US GOVERNMENT FILES CHARGES, INCLUDING THEFT, AGAINST NSA SECRETS LEAKER SNOWDEN

Fox News on June 22, 2013, reported that Federal prosecutors have filed a criminal complaint against NSA secrets leaker Edward Snowden, charging him with theft and communicating classified intelligence information to an unauthorized person, Fox News confirms. Excerpts below:

The complaint, obtained by Fox News, was filed June 14 in federal court in the Eastern District of Virginia.

The U.S. also had asked Hong Kong to detain Snowden on a provisional arrest warrant, The Washington Post reported, citing unnamed U.S. officials.

The three-count complaint includes “theft of government property,” “unauthorized communication of national defense information” and “willful communication of classified communications of intelligence information to an unauthorized person.” The latter two are charges under the Espionage Act.

New York Republican Rep. Peter King, chairman of the Homeland Security Subcommittee on Counterintelligence and Terrorism and a member of the Select Committee on Intelligence, said: “I fully support the efforts of the United States government to indict and prosecute Edward Snowden to the fullest extent of the law. He has betrayed his country and the government must demand his extradition at the earliest date.”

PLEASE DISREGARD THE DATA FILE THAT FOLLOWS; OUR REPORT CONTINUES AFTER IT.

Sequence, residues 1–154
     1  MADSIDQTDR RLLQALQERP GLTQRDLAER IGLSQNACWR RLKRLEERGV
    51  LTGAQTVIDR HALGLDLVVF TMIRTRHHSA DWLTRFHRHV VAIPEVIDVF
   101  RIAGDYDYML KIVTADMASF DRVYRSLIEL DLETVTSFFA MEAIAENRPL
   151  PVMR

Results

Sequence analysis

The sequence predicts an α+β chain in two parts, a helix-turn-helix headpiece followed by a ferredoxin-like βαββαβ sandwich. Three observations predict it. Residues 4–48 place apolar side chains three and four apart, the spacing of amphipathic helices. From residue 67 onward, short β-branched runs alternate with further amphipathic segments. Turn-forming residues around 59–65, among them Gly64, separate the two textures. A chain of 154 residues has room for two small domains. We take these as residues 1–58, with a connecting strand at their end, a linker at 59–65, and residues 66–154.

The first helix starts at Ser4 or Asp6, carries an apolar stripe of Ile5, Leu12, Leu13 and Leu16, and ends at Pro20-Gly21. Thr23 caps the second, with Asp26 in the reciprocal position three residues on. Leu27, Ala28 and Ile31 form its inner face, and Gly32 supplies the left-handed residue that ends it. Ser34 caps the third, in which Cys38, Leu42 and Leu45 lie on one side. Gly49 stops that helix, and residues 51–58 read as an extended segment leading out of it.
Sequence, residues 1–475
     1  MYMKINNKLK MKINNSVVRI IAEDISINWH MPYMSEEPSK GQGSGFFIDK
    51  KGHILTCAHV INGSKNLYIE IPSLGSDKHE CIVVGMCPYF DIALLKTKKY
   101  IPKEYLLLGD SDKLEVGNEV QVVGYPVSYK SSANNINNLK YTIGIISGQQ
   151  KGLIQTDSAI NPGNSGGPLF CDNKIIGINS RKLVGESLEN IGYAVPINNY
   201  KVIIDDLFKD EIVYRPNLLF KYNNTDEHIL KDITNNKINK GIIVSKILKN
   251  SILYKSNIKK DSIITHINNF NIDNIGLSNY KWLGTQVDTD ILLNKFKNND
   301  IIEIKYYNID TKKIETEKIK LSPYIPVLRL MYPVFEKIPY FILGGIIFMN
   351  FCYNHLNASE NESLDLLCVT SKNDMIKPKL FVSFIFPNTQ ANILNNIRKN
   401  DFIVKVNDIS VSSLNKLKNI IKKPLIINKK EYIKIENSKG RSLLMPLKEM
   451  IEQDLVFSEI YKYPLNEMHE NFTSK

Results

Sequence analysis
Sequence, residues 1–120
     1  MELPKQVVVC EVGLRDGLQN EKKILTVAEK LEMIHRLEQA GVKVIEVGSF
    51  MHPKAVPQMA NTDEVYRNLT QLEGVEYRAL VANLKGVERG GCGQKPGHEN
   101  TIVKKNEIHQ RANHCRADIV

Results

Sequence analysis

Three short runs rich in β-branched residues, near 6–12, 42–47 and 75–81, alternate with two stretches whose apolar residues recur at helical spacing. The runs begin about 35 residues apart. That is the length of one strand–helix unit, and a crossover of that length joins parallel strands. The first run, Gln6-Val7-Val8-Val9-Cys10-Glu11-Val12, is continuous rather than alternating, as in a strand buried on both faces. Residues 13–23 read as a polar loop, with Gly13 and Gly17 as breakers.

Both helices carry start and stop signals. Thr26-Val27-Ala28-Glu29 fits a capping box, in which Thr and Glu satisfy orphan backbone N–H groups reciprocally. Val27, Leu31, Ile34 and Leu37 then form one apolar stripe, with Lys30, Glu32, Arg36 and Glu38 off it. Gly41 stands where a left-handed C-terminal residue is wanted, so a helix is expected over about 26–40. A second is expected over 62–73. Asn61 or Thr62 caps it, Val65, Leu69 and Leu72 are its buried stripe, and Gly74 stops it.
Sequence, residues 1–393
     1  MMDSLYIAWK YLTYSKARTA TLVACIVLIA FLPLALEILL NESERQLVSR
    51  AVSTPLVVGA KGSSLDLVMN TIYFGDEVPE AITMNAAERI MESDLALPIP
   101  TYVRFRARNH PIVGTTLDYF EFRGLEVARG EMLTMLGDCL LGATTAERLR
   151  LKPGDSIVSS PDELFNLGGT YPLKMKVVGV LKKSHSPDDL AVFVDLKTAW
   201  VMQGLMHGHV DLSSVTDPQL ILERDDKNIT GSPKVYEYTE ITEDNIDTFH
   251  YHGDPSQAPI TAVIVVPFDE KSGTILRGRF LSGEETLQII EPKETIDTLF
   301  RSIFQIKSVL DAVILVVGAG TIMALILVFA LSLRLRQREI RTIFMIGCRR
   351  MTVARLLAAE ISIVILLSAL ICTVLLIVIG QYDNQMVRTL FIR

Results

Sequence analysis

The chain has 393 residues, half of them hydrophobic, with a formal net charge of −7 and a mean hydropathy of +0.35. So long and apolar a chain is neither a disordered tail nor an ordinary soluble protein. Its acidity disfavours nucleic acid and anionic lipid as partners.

It was unclear whether the U.S. had made an extradition request. Hong Kong had no immediate reaction to word of the charges against Snowden.

The Espionage Act arguably is a political offense. The Obama administration has now used the act in eight criminal cases in an unprecedented effort to stem leaks. In one of them, Army Pfc. Bradley Manning acknowledged he sent more than 700,000 battlefield reports, diplomatic cables and other materials to the anti-secrecy website WikiLeaks. His military trial is underway.

The U.S. and Hong Kong have a standing agreement on the surrender of fugitives. However, Snowden’s appeal rights could drag out any extradition proceeding.

The success or failure of any extradition proceeding depends on what the suspect is charged with under U.S. law and how it corresponds to Hong Kong law under the treaty. In order for Hong Kong officials to honor the extradition request, they have to have some applicable statute under their law that corresponds with a violation of U.S. law.

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